It’s been a bumpy ride for the retail real estate market.
This story first appeared in the November 9, 2016 issue of WWD. Subscribe Today.
For well over a year now, retailers and developers have been battling the impact of global events — from terrorist attacks and the falloff in Chinese spending to the weather — on traffic and tourism. But with new opportunities unfolding, from solutions for enhancing the consumer experience to opening new markets like India and North Africa, it’s full-steam-ahead for the upcoming MAPIC retail real estate fair, which will be its most international show to date. Among the 2,000-plus retail and real estate players expected to attend are France’s Unibail-Rodamco, the U.K.’s Westfield and McArthurGlen Group, the U.S.’s Acadia Realty Trust and IKEA Centres Russia.
Exhibitors from more than 75 countries — including Sweden, Colombia, Iran, Japan and Afghanistan — will showcase future shopping mall projects at the fair, to be held at the Palais des Festivals in Cannes from Nov. 16 to 18.
“The future of the mall offering is rooted in local cultural identities, mixed with international brands,” said Nathalie Depetro, director of MAPIC.
Online-to-off-line, or O2O, will be this year’s theme, with a growing number of pure players opening physical stores and the consumer increasingly moving toward a hybrid, “phy-gital” experience interconnecting online and traditional sales.
Indeed, the relationship between the brick-and-mortar and online retail sectors is becoming more harmonious. According to a study commissioned by MAPIC, 70 percent of consumers search the web before making an in-store purchase, while conversely, 68 percent of consumers research in store before buying online.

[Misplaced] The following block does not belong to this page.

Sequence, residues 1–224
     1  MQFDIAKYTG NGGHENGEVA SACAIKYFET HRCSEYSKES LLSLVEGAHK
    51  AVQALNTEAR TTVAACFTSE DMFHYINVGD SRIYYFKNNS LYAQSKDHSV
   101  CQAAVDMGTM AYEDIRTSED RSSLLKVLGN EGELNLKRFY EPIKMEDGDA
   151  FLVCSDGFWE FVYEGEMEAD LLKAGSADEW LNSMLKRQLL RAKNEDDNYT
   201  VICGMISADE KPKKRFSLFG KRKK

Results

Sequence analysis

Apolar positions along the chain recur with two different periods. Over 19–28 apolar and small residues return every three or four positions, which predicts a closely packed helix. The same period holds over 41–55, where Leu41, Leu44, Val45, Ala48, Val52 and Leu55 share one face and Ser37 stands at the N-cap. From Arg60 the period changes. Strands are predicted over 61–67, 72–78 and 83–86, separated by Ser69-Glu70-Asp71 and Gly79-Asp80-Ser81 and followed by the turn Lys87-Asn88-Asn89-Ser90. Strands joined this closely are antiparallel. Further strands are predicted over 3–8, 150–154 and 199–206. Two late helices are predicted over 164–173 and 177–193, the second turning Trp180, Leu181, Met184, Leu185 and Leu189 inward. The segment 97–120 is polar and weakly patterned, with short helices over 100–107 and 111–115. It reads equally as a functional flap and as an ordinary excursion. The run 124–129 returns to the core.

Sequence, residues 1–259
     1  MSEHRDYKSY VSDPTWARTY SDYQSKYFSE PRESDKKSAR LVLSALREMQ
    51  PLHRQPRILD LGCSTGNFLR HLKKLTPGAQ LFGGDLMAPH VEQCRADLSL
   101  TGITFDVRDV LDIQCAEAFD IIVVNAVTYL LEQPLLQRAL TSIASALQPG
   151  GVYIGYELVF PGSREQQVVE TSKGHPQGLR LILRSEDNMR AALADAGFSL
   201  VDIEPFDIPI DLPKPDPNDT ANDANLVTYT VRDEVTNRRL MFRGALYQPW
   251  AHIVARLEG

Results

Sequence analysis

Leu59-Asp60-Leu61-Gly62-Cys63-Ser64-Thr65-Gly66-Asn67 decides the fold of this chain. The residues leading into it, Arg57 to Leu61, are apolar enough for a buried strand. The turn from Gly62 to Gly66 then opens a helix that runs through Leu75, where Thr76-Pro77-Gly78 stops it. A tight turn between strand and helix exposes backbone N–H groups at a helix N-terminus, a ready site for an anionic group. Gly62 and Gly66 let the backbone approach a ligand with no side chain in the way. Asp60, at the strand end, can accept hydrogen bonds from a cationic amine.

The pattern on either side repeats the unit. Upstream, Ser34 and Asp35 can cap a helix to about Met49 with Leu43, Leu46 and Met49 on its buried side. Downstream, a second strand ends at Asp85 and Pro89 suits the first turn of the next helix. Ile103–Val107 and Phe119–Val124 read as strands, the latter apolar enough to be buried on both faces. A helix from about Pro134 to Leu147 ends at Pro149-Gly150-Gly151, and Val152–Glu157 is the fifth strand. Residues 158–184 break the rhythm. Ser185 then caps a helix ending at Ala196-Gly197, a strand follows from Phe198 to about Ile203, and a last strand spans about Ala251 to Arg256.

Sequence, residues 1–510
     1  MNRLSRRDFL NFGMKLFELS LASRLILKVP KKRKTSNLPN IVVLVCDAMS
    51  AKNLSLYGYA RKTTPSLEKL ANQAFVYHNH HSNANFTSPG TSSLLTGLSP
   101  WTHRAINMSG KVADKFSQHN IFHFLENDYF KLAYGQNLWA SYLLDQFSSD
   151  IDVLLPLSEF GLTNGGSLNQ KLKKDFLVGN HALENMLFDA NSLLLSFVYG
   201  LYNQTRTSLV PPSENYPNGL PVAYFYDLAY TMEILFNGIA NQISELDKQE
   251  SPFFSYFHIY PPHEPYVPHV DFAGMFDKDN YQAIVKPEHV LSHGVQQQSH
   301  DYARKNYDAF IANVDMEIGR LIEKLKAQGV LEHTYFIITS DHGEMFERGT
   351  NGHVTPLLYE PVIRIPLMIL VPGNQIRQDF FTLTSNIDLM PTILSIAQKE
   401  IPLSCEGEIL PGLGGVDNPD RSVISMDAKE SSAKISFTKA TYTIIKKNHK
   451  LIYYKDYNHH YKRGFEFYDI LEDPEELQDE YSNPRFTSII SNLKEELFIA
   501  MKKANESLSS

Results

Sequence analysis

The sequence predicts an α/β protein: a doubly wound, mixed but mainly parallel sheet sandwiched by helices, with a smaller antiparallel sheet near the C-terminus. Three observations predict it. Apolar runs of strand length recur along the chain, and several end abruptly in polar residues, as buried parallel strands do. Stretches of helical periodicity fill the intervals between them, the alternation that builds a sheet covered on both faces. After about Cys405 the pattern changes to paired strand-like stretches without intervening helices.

“The O2O trend materializes in two ways. First, pure players are increasingly looking at brick-and-mortar trading, in the wake of Amazon opening its first physical bookstore in Seattle. For the first time this year at MAPIC, we have more than 30 pure players exhibiting in the new Specialty Leasing Lounge, seeking opportunities to enter the physical store landscape,” Depetro said. “Consumers are adopting a hybrid client journey, combining web sites and physical store outlets. The dedicated O2O conference track at MAPIC this year aims to shed light on transforming shopping centers into lively mixed-use places for new consumer behavior…namely that of the Millennials.”
Other topics covered in the event’s conference program comprise some 25 sessions and 200 speakers. Those include, on Nov. 16, Luxury & Prestige Retail, with speakers such as Pamela Wolf, director of strategic innovation at Salesforce.com, and Sofiane Bouleghraif, communication and customer care manager at Kenzo, and Leisure & Shopping, with participants including Andy Reif, executive vice president of consumer products, licensing and global experiences for National Geographic Partners. On Nov. 17, a seminar is set to be hosted by Google with Jérôme Marty, country manager of France at Waze, among the slated speakers.